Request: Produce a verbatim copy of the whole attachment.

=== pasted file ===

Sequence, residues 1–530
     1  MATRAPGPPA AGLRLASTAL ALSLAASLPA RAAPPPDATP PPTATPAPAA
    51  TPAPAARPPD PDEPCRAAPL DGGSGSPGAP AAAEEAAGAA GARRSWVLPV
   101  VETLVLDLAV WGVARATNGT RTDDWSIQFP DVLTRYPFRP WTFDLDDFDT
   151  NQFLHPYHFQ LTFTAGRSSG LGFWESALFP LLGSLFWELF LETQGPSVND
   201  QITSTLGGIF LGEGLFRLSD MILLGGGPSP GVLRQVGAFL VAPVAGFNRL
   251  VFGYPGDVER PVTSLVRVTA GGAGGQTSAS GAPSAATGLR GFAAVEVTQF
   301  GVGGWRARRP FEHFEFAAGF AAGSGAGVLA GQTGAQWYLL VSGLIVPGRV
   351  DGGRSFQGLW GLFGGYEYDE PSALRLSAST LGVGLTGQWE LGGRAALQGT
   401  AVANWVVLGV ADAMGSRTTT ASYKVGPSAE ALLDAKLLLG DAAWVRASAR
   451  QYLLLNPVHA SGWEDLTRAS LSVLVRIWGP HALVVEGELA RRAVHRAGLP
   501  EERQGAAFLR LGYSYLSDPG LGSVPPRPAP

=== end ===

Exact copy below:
Sequence, residues 1–530
     1  MATRAPGPPA AGLRLASTAL ALSLAASLPA RAAPPPDATP PPTATPAPAA
    51  TPAPAARPPD PDEPCRAAPL DGGSGSPGAP AAAEEAAGAA GARRSWVLPV
   101  VETLVLDLAV WGVARATNGT RTDDWSIQFP DVLTRYPFRP WTFDLDDFDT
   151  NQFLHPYHFQ LTFTAGRSSG LGFWESALFP LLGSLFWELF LETQGPSVND
   201  QITSTLGGIF LGEGLFRLSD MILLGGGPSP GVLRQVGAFL VAPVAGFNRL
   251  VFGYPGDVER PVTSLVRVTA GGAGGQTSAS GAPSAATGLR GFAAVEVTQF
   301  GVGGWRARRP FEHFEFAAGF AAGSGAGVLA GQTGAQWYLL VSGLIVPGRV
   351  DGGRSFQGLW GLFGGYEYDE PSALRLSAST LGVGLTGQWE LGGRAALQGT
   401  AVANWVVLGV ADAMGSRTTT ASYKVGPSAE ALLDAKLLLG DAAWVRASAR
   451  QYLLLNPVHA SGWEDLTRAS LSVLVRIWGP HALVVEGELA RRAVHRAGLP
   501  EERQGAAFLR LGYSYLSDPG LGSVPPRPAP